Social Capital and Banking Crises
Friday, Jan. 3, 2020 10:15 AM - 12:15 PM (PDT)
- Chair: Paul Wachtel, New York University
Does Experience of Banking Crises Affect Trust in Banks?
AbstractThis paper investigates how past experience with banking crises influences an individuals’ trust in banks. We combine data on banking crises for the period 1970-2014 with individual data on trust in banks for 52 countries. We find that experiencing a banking crisis diminishes a person's trust in banks, and that high exposure to banking crises is negatively related to trust in banks. An individual's age at the time of the crisis is important, and significant for individuals between 41 and 60 years of age at the time of the banking crisis. Both severe and mild crises diminish trust in banks, but a severe banking crisis hits also young people's trust, while less severe banking crises mainly degrade trust of more mature people. The detrimental effect for trust in banks seems to be connected specifically to to systemic banking crises. Other types of financial crises incur a less significant effect. Overall, our results indicate that banking crises generate previously unrecognized costs for the economy in the form of a lasting reduction of trust in banks.
Depositors Disciplining Banks: The Impact of Scandals
AbstractDo depositors react to negative non-financial information about their banks? By using branch level data for the United States, I show that banks that financed the highly controversial Dakota Access Pipeline, experienced significant decreases in deposit growth, especially in branches located closest to the pipeline. These effects were greater for branches located in environmentally or socially conscious counties, and data suggests that savings banks were among the main beneficiaries of this depositor movement. Using a global hand-collected dataset on tax evasion, corruption, and environmental scandals related to banks, I show that negative deposit growth as a reaction to scandals is a widespread phenomenon.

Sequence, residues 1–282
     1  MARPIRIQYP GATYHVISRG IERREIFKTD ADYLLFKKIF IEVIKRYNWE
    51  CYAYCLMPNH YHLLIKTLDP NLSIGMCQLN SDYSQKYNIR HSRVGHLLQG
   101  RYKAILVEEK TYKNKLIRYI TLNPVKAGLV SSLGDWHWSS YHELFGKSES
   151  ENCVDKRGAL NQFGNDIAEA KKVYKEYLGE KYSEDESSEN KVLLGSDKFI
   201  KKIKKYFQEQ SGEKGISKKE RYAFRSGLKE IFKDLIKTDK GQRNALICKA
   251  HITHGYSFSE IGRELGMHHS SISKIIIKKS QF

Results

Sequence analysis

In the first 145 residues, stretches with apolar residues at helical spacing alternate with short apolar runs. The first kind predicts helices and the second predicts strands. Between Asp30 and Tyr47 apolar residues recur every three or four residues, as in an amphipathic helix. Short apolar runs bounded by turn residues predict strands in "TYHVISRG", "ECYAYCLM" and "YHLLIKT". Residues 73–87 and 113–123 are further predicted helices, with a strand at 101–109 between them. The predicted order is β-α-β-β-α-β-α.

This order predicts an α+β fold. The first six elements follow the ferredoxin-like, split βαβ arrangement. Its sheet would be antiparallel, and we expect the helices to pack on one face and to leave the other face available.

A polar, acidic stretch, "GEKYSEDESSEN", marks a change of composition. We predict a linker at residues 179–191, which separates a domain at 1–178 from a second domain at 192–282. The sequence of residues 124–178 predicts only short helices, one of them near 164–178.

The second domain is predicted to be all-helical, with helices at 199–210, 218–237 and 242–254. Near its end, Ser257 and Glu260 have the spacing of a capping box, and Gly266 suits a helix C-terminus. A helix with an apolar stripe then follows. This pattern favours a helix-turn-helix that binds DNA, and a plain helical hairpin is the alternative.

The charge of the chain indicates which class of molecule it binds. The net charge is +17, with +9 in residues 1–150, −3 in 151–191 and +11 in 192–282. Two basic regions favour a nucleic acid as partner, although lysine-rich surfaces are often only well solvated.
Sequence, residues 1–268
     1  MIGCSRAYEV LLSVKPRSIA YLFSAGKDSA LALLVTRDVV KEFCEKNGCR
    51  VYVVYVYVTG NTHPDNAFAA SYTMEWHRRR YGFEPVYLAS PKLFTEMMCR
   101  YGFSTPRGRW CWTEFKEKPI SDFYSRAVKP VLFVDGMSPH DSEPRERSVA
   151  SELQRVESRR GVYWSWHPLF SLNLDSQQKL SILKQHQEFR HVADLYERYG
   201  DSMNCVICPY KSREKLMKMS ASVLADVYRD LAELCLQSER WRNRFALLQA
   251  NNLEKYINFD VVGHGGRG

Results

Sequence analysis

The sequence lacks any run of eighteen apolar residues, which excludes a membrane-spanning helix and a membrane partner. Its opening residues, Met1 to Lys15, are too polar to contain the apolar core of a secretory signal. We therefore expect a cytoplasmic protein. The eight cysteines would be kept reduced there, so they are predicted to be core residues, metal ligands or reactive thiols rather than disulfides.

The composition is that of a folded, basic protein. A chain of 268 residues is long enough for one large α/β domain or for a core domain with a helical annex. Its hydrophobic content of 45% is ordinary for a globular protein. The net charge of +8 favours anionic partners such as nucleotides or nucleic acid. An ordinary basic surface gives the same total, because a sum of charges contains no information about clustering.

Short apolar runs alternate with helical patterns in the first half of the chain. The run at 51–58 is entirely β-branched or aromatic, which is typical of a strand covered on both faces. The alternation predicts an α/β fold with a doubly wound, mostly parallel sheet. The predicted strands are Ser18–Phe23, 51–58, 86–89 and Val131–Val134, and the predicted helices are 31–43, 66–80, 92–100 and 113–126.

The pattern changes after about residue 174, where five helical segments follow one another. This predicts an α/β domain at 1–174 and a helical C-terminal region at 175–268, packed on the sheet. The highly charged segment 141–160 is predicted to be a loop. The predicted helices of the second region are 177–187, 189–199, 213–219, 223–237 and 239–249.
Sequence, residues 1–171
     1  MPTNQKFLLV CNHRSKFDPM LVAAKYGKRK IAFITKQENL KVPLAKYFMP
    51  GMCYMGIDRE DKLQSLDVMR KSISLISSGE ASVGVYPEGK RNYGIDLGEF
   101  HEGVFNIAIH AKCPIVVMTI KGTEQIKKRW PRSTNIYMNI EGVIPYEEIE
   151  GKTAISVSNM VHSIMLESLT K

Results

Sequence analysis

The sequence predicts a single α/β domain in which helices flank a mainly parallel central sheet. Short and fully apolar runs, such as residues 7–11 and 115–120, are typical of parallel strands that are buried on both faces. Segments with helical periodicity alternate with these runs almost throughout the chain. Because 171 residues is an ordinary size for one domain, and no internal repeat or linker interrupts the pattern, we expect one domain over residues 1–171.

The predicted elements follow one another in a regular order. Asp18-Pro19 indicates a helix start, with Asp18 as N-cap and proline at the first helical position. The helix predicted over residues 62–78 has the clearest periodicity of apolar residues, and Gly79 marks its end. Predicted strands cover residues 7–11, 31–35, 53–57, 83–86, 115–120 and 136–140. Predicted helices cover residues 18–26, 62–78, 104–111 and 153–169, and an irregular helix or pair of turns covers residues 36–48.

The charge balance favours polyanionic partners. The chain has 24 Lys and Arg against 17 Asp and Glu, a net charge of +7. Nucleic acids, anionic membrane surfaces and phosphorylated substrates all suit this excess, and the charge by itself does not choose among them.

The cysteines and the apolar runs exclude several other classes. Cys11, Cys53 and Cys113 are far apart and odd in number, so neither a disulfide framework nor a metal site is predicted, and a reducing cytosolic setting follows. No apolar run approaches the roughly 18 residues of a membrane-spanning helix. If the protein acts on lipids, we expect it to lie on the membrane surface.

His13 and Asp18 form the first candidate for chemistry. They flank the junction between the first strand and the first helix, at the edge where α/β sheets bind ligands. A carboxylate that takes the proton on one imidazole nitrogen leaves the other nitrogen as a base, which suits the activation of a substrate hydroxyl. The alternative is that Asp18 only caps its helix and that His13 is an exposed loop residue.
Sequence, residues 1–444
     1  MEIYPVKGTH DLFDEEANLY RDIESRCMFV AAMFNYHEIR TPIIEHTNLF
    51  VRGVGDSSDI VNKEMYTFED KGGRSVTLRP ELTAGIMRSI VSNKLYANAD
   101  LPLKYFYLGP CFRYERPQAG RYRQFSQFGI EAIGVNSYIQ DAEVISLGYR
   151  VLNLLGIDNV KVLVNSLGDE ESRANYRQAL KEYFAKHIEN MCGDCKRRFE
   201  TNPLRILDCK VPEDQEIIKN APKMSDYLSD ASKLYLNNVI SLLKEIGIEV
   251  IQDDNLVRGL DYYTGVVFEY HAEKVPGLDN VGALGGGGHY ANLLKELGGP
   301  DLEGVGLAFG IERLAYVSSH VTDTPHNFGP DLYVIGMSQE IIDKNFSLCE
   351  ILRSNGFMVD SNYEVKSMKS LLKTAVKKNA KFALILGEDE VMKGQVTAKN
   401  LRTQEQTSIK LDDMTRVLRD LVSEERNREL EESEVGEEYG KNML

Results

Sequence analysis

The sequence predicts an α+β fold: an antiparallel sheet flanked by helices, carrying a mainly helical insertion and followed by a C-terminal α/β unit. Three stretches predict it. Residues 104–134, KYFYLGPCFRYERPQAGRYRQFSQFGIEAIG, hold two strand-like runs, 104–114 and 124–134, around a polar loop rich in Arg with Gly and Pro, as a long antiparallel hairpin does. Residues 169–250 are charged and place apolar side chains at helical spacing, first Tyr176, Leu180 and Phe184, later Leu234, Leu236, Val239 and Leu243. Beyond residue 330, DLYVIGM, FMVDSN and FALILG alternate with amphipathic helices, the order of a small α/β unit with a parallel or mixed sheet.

Social Capital and Bank Misconduct
AbstractI use enforcement actions issued by US bank regulators to show that banks headquartered in counties with higher levels of social capital (as captured by civic norms and social networks) are less likely to be involved in misconduct. This result holds in a range of robustness and endogeneity tests and is supported by an analysis of the level of social capital of the place where bank executives grew up. The effect of local levels of social capital on misconduct is mostly significant for less geographically dispersed banks. I also show that, following misconduct revelation, sanctioned banks experience a greater decrease in deposit market-shares in counties with higher levels of social capital. Taken together, these findings indicate that social capital acts as an external monitoring mechanism preventing and punishing bank misconduct.
- G2 - Financial Institutions and Services
- H3 - Fiscal Policies and Behavior of Economic Agents